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  23. Dominique Rivière (2011). Looking From the Outside/In: Re-Thinking Research Ethics Review. [REVIEW] Journal of Academic Ethics 9 (3):193-204.score: 76.0
    This paper shares my reflections on the research ethics review process, from the point of view of both a qualitative researcher and a member of an institutional research ethics review board. By considering research ethics review, first as practice, then as policy, as a relationship and, finally, as a performance, I attempt to outline a new vision of research ethics, one that engages seriously with the relationship between receiving ethics approval, and conducting ethical research.
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  24. Annalee Yassi, Jaime Breilh, Shafik Dharamsi, Karen Lockhart & Jerry M. Spiegel (2013). The Ethics of Ethics Reviews in Global Health Research: Case Studies Applying a New Paradigm. [REVIEW] Journal of Academic Ethics 11 (2):83-101.score: 76.0
    With increasing calls for global health research there is growing concern regarding the ethical challenges encountered by researchers from high-income countries (HICs) working in low or middle-income countries (LMICs). There is a dearth of literature on how to address these challenges in practice. In this article, we conduct a critical analysis of three case studies of research conducted in LMICs. We apply emerging ethical guidelines and principles specific to global health research and offer practical strategies that researchers (...)
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  25. Dan McArthur (2009). Good Ethics Can Sometimes Mean Better Science: Research Ethics and the Milgram Experiments. Science and Engineering Ethics 15 (1):69-79.score: 75.0
    All agree that if the Milgram experiments were proposed today they would never receive approval from a research ethics board. However, the results of the Milgram experiments are widely cited across a broad range of academic literature from psychology to moral philosophy. While interpretations of the experiments vary, few commentators, especially philosophers, have expressed doubts about the basic soundness of the results. What I argue in this paper is that this general approach to the experiments might be in error. (...)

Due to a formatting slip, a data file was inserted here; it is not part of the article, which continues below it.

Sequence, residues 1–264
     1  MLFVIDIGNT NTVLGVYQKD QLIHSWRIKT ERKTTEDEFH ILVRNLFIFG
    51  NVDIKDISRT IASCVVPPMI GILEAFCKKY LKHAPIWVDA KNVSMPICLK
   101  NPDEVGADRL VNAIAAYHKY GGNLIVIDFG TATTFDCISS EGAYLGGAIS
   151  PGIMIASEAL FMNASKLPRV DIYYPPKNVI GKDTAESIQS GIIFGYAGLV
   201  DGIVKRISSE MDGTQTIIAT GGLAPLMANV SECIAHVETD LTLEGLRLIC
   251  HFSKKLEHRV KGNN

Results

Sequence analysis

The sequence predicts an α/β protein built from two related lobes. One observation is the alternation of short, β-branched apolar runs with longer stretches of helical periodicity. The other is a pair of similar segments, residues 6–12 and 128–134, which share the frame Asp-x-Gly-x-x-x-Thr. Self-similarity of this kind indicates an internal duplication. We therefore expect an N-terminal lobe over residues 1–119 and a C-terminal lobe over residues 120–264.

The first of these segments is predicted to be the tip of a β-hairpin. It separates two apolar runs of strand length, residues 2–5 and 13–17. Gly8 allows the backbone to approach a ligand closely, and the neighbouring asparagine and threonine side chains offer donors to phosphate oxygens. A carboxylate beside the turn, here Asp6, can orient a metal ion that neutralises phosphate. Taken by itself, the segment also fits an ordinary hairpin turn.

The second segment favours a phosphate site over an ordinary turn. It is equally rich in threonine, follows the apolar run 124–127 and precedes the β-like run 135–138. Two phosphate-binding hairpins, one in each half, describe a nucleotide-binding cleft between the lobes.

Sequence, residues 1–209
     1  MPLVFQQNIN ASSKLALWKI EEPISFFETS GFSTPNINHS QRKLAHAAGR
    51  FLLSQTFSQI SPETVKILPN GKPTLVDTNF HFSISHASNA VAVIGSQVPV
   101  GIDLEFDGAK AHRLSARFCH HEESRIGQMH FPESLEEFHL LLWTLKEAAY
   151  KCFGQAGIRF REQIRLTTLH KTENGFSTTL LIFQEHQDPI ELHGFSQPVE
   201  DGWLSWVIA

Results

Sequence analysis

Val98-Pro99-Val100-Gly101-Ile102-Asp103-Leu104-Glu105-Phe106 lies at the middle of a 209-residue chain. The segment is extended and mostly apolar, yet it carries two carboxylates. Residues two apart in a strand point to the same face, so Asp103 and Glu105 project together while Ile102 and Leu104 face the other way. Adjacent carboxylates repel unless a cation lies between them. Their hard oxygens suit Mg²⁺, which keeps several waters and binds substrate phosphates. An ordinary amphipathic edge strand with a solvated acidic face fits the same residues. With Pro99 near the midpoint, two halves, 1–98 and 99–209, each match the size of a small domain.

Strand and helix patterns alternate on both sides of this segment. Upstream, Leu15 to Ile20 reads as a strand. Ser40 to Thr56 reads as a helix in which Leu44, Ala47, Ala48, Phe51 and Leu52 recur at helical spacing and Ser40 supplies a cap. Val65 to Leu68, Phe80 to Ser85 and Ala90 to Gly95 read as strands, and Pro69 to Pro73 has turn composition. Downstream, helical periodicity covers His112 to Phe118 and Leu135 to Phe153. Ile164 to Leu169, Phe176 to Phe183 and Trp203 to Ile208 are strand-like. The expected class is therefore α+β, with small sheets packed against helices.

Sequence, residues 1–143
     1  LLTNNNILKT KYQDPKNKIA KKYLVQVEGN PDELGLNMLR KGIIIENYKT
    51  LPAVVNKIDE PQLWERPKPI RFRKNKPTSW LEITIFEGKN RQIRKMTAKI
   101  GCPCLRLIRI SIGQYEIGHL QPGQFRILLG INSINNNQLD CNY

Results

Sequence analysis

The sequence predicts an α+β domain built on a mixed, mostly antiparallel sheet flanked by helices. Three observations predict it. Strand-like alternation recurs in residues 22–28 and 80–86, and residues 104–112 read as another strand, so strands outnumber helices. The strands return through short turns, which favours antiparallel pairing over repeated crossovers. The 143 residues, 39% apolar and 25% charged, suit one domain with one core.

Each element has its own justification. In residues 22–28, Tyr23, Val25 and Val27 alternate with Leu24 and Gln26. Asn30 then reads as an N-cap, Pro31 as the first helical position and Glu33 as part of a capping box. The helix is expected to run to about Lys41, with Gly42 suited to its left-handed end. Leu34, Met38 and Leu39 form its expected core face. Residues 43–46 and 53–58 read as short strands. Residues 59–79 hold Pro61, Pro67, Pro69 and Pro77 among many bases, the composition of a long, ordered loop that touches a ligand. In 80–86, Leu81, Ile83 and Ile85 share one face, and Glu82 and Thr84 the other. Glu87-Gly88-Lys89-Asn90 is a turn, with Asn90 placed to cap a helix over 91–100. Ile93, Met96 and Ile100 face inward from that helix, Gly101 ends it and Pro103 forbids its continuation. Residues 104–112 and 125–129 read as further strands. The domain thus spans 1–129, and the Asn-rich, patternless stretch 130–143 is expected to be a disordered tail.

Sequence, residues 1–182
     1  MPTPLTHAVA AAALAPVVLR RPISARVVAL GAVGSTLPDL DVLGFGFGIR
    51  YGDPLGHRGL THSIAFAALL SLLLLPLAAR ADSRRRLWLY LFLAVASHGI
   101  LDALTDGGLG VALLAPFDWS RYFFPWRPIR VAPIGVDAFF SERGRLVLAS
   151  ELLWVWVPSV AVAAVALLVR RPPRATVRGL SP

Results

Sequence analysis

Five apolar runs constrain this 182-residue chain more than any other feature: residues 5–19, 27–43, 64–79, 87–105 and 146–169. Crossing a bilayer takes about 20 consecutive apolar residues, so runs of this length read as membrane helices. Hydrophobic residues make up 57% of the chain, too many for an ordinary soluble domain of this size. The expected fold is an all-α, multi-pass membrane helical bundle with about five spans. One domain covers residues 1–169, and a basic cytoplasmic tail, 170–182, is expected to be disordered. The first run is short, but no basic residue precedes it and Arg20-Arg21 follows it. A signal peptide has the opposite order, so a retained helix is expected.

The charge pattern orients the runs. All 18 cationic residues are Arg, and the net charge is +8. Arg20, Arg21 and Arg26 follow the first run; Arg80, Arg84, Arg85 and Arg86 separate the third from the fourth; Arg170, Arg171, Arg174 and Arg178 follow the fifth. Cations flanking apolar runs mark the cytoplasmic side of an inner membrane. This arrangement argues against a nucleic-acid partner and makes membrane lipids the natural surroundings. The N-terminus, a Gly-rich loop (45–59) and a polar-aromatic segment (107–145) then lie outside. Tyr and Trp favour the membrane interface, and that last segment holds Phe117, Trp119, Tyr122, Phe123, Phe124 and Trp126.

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  26. John F. Kilner (2009). An Inclusive Ethics for the Twenty-First Century: Implications for Stem Cell Research. Journal of Religious Ethics 37 (4):683-722.score: 75.0
    An important contribution of Christian ethics in the pluralistic world of the twenty-first century is to emphasize inclusivity. Rather than promoting the interests of certain groups at the expense of the most vulnerable, society does well to prioritize ways forward that benefit all. For stem cell research, inclusivity entails benefiting or at least protecting the beneficiaries of treatment, the sources of materials, and the subjects of research. Adult stem cells are already benefiting many ill patients without causing harm, (...)
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  27. Keymanthri Moodley & Landon Myer (2007). Health Research Ethics Committees in South Africa 12 Years Into Democracy. BMC Medical Ethics 8 (1):1-8.score: 75.0
    Background Despite the growth of biomedical research in South Africa, there are few insights into the operation of Research Ethics Committees (RECs) in this setting. We investigated the composition, operations and training needs of health RECs in South Africa against the backdrop of national and international guidelines. Methods The 12 major health RECs in South Africa were surveyed using semi-structured questionnaires that investigated the composition and functions of each REC as well as the operational issues facing committees. Results (...)
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  28. Janet Borgerson (2005). Addressing the 'Global Basic Structure' in the Ethics of International Health Research Involving Human Subjects. Journal of Philosophical Research 30:235-249.score: 75.0